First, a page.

Bradley Bowen: Craig knows better than to put the Shroud of Turin forward as historical evidence

in the Atheist Channel of Patheos . . . 

imageToday in his blog, The Secular Outpost, Bradley Bowen dissects a book by William Lane Craig, a leading Evangelical apologist and theologian (pictured) on the historical evidence for the Resurrection:

Although Christian apologists bear the burden of proof to show that ‘Jesus actually died on the cross’, William Craig usually ignores this issue in his books, articles, and debates defending the resurrection of Jesus. In my previous post, I pointed out that there is at least one book in which Craig does make a case for the claim that ‘Jesus actually died on the cross.’ Craig makes a very brief attempt at this in The Son Rises: The Historical Evidence for the Resurrection of Jesus (hereafter: TSR).

His case is made in just five paragraphs, in a little more than two pages of text. The first paragraph is the longest. We saw previously that Craig makes about 30 different historical claims in the first paragraph, but provides zero historical evidence in support of those claims.

The second paragraph is much shorter than the first, just two sentences:

The Shroud of Turin, whether it is the authentic burial cloth of Jesus or not, illustrates graphically the extent of Jesus’ physical suffering. The image of the man on the cloth is covered front and back with wounds from head to foot, where the flagrum, a multi-thonged Roman whip with metal or bone, had torn apart his flesh, furnishing us a grisly picture of what Jesus must have looked like when He was laid on the cross. (TSR, p.37-38)

Craig knows better than to put the Shroud of Turin forward as historical evidence for the death of Jesus, so he does not do so. Instead, he states that it “illustrates graphically” the wounds that Jesus had “when He was laid on the cross.” So, once again, Craig puts forward some historical claims, with no historical evidence to support those claims. By my count he makes five historical claims (about Jesus) in [that paragraph].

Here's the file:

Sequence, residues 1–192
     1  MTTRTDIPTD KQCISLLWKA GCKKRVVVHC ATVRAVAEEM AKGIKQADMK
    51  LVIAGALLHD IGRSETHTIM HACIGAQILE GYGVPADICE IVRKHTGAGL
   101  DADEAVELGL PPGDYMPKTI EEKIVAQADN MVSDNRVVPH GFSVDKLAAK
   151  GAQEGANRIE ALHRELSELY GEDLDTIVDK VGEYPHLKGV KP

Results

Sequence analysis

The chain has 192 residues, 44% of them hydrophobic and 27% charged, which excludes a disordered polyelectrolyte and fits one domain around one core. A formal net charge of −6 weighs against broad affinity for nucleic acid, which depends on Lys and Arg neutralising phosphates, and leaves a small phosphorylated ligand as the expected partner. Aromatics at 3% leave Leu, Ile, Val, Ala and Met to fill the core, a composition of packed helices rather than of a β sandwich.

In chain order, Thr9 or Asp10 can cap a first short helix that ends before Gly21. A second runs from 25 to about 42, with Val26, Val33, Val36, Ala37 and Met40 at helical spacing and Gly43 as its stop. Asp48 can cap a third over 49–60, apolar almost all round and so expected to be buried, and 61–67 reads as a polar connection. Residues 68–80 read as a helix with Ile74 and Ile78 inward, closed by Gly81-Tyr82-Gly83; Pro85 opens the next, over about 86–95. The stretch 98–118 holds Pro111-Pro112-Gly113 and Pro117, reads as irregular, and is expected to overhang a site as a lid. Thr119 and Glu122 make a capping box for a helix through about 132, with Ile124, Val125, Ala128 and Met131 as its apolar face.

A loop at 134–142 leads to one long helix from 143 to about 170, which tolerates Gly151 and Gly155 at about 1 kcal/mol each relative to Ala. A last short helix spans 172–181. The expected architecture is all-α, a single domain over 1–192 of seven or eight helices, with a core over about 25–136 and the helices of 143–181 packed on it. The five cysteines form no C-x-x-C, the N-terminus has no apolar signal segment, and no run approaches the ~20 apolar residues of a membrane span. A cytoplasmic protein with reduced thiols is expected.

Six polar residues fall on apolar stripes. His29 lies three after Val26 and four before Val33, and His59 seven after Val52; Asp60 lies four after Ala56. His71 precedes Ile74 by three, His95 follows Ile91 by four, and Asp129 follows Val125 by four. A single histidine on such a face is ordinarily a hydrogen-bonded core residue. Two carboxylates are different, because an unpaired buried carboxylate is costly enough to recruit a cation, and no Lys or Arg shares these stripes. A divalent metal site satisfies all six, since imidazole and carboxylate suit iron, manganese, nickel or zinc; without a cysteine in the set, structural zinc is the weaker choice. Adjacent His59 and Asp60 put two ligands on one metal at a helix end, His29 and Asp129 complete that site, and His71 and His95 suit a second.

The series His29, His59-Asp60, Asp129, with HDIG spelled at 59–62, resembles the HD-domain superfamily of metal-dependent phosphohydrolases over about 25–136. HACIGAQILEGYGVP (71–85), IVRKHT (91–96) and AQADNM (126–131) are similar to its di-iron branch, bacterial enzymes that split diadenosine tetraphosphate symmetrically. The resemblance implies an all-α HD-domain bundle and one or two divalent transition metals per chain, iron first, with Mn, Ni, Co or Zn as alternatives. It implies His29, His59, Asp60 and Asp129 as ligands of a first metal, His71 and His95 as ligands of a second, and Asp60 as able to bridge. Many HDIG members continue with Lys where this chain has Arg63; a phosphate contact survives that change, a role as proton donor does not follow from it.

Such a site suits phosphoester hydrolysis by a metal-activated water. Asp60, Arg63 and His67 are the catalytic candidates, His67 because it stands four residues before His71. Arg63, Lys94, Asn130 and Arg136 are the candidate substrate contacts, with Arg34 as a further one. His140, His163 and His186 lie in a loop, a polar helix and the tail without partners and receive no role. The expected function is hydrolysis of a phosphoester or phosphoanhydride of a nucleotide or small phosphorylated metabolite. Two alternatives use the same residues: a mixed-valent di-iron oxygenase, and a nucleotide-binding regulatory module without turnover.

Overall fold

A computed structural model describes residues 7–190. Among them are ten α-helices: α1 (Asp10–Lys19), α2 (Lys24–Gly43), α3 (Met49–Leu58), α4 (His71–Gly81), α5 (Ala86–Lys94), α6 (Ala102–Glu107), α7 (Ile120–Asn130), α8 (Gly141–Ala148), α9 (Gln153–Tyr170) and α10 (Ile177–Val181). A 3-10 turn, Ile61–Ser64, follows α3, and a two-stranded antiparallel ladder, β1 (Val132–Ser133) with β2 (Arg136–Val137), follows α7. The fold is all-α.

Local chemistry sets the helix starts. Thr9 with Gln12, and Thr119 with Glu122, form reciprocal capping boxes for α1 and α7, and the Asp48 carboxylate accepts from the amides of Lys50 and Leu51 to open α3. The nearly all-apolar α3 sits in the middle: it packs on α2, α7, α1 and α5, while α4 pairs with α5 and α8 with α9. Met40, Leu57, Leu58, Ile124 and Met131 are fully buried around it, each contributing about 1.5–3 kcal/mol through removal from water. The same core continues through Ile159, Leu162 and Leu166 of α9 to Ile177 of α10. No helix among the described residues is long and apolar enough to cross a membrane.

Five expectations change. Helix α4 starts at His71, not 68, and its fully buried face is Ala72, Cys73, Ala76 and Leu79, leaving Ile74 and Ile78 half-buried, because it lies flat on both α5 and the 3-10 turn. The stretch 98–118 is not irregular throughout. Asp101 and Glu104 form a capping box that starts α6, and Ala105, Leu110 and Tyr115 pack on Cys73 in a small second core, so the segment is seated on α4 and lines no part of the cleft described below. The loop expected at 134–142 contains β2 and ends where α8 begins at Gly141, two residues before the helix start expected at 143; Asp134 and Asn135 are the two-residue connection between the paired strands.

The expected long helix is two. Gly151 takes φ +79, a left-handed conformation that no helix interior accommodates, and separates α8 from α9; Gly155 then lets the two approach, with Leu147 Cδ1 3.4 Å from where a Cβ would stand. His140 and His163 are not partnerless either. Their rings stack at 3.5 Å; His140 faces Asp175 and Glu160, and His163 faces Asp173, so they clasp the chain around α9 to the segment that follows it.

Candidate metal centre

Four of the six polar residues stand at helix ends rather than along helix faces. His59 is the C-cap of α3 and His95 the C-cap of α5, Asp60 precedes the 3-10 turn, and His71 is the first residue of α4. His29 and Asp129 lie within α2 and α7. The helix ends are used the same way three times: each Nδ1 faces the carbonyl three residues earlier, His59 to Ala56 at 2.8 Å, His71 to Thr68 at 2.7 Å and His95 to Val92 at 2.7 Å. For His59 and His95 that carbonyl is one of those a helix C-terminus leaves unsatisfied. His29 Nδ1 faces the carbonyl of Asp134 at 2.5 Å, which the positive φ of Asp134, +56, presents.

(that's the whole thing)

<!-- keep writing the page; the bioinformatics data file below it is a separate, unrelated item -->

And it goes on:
What are the five claims:

1. The front of Jesus’ body was covered with wounds from head to foot, just before he was crucified.
2. The back of Jesus’ body was covered with wounds from head to foot, just before he was crucified.
3. A flagrum is a multi-thonged Roman whip with metal or bone.
4. Some of the wounds on Jesus’ body that resulted from being whipped were deep and serious wounds (“had torn apart his flesh”).
5. The wounds on the front and back of Jesus’ body just prior to his crucifixion, were caused by being whipped with a flagrum.

Talk about overlap and redundancy! Bowen is nit-picking.

Anyways. You might want to read the entire article in three posts:

Why does Craig know better than to put the Shroud of Turin forward as historical evidence for the death of Jesus?

5 thoughts on “Bradley Bowen: Craig knows better than to put the Shroud of Turin forward as historical evidence”

  1. William Lane Craig is surrounded by other Biblical scholars, many of whom are liberal,sceptics, militant atheists, scoffers, cynics and more. He is wise, he is being careful, how can he be dogmatic about the Shroud?

  2. My comment on the thread “Can doubts about the shroud strengthen Christian faith” was “Easier said than done” and cannot be found there. It can also apply in this context.

  3. Craig personally knows Gary Habermas who is an apologist focused on the resurrection and uses the Shroud as an additional evidence. I think it’s likely Craig either just doesn’t feel he has done the research necessary to defend it or he hasn’t felt the need to use the space in his published books defending it.

  4. It’s simply because Craig follows a “Minimal facts approach”, that takes only into account historical data receiving the widest consensus among scholars (Jesus’ crucifixion, Paul’s conversion, the empty tomb, the rapid spread of christianity).
    Therefore he does not need the TS to prove the death of Jesus. Virtually all scholars already agree : Jesus died by crucifixion around 30 AD.

    Craig is familiar with the shroud : “The mystery of the shroud still remains. If it is a forgery nobody knows how it was done. It is so totally unlike medieval paintings of that time. If you’ve ever seen pre-Renaissance paintings, the figures almost look like flat cartoon figures without any perspective, whereas the man on the shroud is anatomically accurate. It’s quite a striking image. So some scholars who’ve been working on this whole shroud thing believe the carbon-14 test may have been skewed in some way because the shroud was damaged by fire around the 1500s. When the nuns repaired the shroud, they may have interwoven cloth into the fabric of the shroud in order to repair tears, patches or rips. It may be where they took the piece, a centimeter square piece of the hem of the shroud, some would suggest, that this may have been part of the repair work on the edge rather than the original fabric. So they want to rerun the test, but the Catholic Church doesn’t permit it because when you carbon date these things it destroys the sample, and so for them it’s destroying this precious relic. It’s sacred so they don’t want people doing it. The Church hasn’t agreed to letting it be done again, but until those carbon dating tests are reversed, I think one can’t say that the shroud is authentic. You would need to have those tests somehow shown to be erroneous. Apart from those tests, the signs of authenticity on the shroud are quite remarkable.”

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